Long-term health and wellbeing

Food isn’t medicine — it’s so much more than that. From the day we are born to the day we die, food not only nourishes us, but provides pleasure, social interaction and anchors us to our family, community, culture and point in time.

Food should not only be good for us — it should also be enjoyable, affordable and sustainable. I am an all-round expert in food and nutrition having studied human nutrition/dietetics, food science and commercial cookery. Join me here to learn about cooking, eating, nourishing and celebrating food.

Food is one of life’s great pleasures — up there with love and laughter.

Let’s face it, most of the major events in our lives revolve around its consumption: births, deaths, weddings, religious celebrations, to name but a few …

In Australia (where I live) and many other wealthy developed nations, we have an abundance of foods and drinks to choose from, and most of us can enjoy foods from whatever dietary pattern we can imagine: Chinese, Indian, French, Japanese, Middle Eastern, Mediterranean, Thai, Vietnamese, etc … that have developed over many thousands of years and are savoured all around the world … yet for many of us, food has sadly become the enemy. Once a relatively rare condition, orthorexia has now become extremely common.

Rising rates of overweight, obesity and associated conditions like type 2 diabetes and heart disease are at least in-part due to unhealthy eating habits. These habits don’t pop up overnight — for most of us they have become engrained over our lifetime. Around 2,500 new diet books are published around the world every year, with most promising to solve all of the worlds nutrition problems by advising us to instantly change our eating habits, by simply following their prescribed diet and in so doing avoiding nutrient X, ingredient Y and/or food group Z …

The problem is of course it isn’t that simple — most of these diets require you to follow strict rules that impact on your social and psychological wellbeing, let alone your enjoyment of food. If changing your diet was simple, there wouldn’t be so many diet-related health conditions. Ultimately, one diet does not suit all of humankind — we are omnivores, and part of our success as a species is being able to enjoy a wide range of foods and cuisines. Flexibility is one of the keys to long-term success and enjoyment.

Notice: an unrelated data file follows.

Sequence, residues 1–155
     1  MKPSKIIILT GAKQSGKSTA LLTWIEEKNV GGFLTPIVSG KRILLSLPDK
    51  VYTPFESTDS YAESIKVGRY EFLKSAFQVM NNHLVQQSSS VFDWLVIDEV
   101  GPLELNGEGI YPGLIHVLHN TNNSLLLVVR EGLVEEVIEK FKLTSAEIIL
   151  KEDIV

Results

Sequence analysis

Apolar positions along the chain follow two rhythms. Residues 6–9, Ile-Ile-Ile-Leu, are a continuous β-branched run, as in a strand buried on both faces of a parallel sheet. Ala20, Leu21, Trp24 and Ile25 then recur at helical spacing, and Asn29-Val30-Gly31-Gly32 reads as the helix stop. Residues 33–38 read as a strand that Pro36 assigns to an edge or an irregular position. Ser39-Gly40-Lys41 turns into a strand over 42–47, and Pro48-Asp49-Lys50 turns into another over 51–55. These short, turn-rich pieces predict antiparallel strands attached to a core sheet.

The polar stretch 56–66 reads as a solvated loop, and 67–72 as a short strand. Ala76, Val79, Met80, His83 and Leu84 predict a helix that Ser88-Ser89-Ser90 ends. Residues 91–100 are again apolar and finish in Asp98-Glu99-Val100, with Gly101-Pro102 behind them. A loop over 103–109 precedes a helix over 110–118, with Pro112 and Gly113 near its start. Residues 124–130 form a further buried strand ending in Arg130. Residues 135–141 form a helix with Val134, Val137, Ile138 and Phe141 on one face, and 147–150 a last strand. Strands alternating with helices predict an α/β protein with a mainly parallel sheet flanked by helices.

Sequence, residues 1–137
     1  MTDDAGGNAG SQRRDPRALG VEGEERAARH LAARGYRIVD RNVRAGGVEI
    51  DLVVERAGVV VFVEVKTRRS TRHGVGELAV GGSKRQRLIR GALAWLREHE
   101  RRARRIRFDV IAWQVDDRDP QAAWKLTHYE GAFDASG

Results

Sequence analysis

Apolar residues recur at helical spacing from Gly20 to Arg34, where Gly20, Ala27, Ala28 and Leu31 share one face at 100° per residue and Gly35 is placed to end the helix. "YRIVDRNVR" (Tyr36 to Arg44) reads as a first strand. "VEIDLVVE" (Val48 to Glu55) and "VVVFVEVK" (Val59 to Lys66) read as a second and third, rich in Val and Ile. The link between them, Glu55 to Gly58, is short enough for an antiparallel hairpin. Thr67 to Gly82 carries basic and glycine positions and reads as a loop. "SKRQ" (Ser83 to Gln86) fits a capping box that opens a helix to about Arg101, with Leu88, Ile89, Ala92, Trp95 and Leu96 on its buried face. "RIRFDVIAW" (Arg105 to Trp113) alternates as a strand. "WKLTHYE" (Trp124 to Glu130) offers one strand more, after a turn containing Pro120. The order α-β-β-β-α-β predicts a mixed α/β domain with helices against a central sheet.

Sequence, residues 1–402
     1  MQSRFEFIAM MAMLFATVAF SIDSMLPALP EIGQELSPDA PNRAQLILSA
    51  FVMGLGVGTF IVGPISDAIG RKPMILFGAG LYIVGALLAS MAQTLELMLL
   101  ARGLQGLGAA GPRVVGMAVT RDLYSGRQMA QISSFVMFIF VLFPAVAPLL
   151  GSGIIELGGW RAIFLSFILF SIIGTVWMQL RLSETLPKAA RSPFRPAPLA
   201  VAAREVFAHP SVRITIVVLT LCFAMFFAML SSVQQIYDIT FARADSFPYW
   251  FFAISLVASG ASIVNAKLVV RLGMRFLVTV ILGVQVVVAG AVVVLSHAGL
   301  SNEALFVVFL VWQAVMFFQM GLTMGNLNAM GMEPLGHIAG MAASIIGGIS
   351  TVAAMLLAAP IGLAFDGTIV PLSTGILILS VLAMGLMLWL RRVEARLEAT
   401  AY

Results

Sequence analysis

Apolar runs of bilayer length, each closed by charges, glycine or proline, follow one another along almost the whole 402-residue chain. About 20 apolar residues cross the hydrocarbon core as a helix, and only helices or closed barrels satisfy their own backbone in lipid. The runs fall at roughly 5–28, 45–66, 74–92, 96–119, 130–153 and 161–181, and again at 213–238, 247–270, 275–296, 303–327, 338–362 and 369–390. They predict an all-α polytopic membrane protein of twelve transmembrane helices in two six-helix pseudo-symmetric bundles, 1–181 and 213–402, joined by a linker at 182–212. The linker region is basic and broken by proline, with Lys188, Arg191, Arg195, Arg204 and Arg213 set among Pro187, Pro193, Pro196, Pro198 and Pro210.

Dr Alan Barclay is an Accredited Practising Dietician

As an Accredited Practicing Dietitian and chef, my philosophy is congruent with the American Diabetes Association — “Maintain the pleasure of eating by only limiting food choices when indicated by [the highest quality] scientific evidence.”

Modern science is a method of systematically answering questions about the world.

Science is a useful tool that has developed over the past 300+ years and in combination with modern technologies, has liberated humankind in countless ways from automobiles to smart-phones. Science is constantly evolving, as new experiments are conducted, observational studies unfold, and results are incorporated in to new theories, that feed back in to more experiments … the circle is only limited by people’s imagination and (unfortunately) funding.

While we arguably discovered vitamin C in the mid 1700’s, nutrition science is a relatively new branch, rising to prominence during World War II thanks to Winston Churchill who was a great supporter. Like all science, it is rapidly evolving. While it’s tempting for many to recommend new diets based on the latest research study — and inadvertently claim that all that preceded it were wrong — it’s important that we interpret even the best designed new experiment in the light of the entire body of scientific evidence that preceded it.